Cucidate, the Italian Fig cookie from Sicily is a tribute to my grandfather.
He came to America twice before he actually decided to stay, and I can understand his tripidation to settle in he states. I visited the family in Isnello outside of Palermo seven years ago. I walked around a village with one of the most beautiful mountain backdrops I’ve ever seen, while the ocean was only twenty minutes away.
It’s an earthy place of tradition, created by many visiting cultures over centuries of acquisition. The people are humble, and yet rich in a food culture that is probably the most flavorful and robust of Italian cuisine.
Cucidate, the little fig cookies, while appearing quite demure in appearance, hit the senses, as a true Christmas cookie, first with an aroma of the dried fruits soaked in a liquor and then combined with nuts, cinnamon, and honey, wrapped in a delicate pastry.
This is probably a little extra special for me, because my grandfather had a fig tree he treated like a bab. Right before he died, he kept talking about “her.” Yes, he had decided his fig tree was a she, and he was worried, that she needed to be covered up for the winter or in his words, “shessa gonna die.”
My grandfather was never part of any organized crime, so please scratch your ideas about the people of Sicily. He was a kind soul who invited everyone who knocked on our door in for coffee. The family joke would be that we might find him serving coffee and cake to a burglar that tried to rob the house.
His daughter, my mother (Retro Rose) has that Sicilian spirit. I can’t tell you how many times, I go to her apartment and she’s feeding the maintenance men. She’s making someone a pot of meatballs at least weekly. Last night when I gave her some of these cookies, her first words were “can you make these for one of the elders at church.” I emphatically said no, these are just for the family.
Today, I had to think about that because aren’t Christmas cookies something we make to give away, to show our love for others? After researching these cookies, I read many stories about how often these cucidate are given away as gifts, and it got me thinking that I should plan to make several batches.
These cucidate excude the heart of the Sicilian culture. The dough is sweet; the fig filling full of flavor and life, and they make the perfect Christmas cookie gift, because they hit the heart.
The Process for Cucidate, Italian Fig Cookies
There are many ways to roll the cookies. I did some triangles, but found these to be the easiest. Some will turn the seam on the bottom, so you can’t see it. You can choose your own way.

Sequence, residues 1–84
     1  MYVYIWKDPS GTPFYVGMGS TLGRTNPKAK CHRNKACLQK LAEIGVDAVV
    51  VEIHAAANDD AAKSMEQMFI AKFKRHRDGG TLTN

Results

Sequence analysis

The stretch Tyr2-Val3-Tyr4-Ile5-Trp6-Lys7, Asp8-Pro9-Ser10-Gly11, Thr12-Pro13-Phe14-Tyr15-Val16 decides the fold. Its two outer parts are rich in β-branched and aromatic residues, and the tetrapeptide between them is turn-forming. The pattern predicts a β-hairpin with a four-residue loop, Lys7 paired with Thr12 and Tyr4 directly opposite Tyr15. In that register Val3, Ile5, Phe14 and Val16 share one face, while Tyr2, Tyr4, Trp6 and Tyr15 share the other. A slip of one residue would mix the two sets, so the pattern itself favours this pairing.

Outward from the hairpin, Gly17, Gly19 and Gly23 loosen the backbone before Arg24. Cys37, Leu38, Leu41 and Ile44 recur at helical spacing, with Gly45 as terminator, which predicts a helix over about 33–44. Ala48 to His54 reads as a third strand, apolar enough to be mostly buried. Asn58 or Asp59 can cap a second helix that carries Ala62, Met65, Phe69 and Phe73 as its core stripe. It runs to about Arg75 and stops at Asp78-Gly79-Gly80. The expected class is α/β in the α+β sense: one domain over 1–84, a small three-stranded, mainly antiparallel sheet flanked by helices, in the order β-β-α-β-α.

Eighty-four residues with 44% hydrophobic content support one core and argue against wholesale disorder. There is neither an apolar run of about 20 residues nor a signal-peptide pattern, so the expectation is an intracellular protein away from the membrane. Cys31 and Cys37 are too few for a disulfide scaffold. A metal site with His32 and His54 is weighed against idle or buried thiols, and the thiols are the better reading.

I made an orange glaze and poured this over the cookies when hot, then sprinkled with these Italian cookie sprinkles I found in an Italian grocery store.
So tell me do you have a traditional cookie you like to give away as a gift? Have you ever had cucidati, the ultimate Sicilian fig cookie?
- 2 cups dried figs (or 2 cupsfig jam)
- 2 cups dried dates (or dried plums)
- 1 cup raisins
- ¼ cup bourbon or Grand Marnier, Cognac or Brandy
- 1 cup almonds or walnuts, chopped
- ½ cup honey
- ½ cup orange marmalade
- 2 teaspoons cinnamon
- 3½ cups flour
- 1 teaspoon baking powder
- 1 cup sugar (I always cut my sugar. I used ⅔ cup sugar)
- 12 tablespoons unsalted butter, cold
- 2 eggs
- 2 to 3 tablespoons milk
- ⅛ teaspoon of salt
- 2 cups confectioner's sugar
- ¼ cup warm water
- 2 tablespoons orange juice) I used juice of one satsuma.
- small colored sprinkles
- Soak Raisins in bourbon for an hour up to overnight.
- Add to the rest of the ingredients.
- Grind all ingredients in food processor or Vitamix. The mixture should be ground enough to spread in the cookie. I substituted fig jam for dried figs and dried plums for dates.
- Refrigerate filling overnight.
- Mix flour, baking powder, sugar together.
- Cut butter in. I used the Kitchen Aid Mixer. You could cut in with pastry blender or use a food processor also.
- Beat eggs and milk to together. Reserve 1 tablespoon milk. You may not need it.
- Add to flour mixture, and form a dough. Add the extra milk of it's too dry.
- Separate dough in 4 sections. Wrap each in plastic wrap.
- Refrigerate for one hour or overnight.
- Mix confectioner's sugar with orange juice. Add water a little at a time, until you have a thin glaze.
- Work with one section of pastry dough at a time.
- Roll each section into a tube. Divide into two sections to make it easier to work with.
- Flatten out each tube. Put mixture in center. Pull sides up to reach. Cut into 1½ inch cookies.
- Bake at 375 for 15 minutes.
- Spoon glaze over each cookie. Top with sprinkles.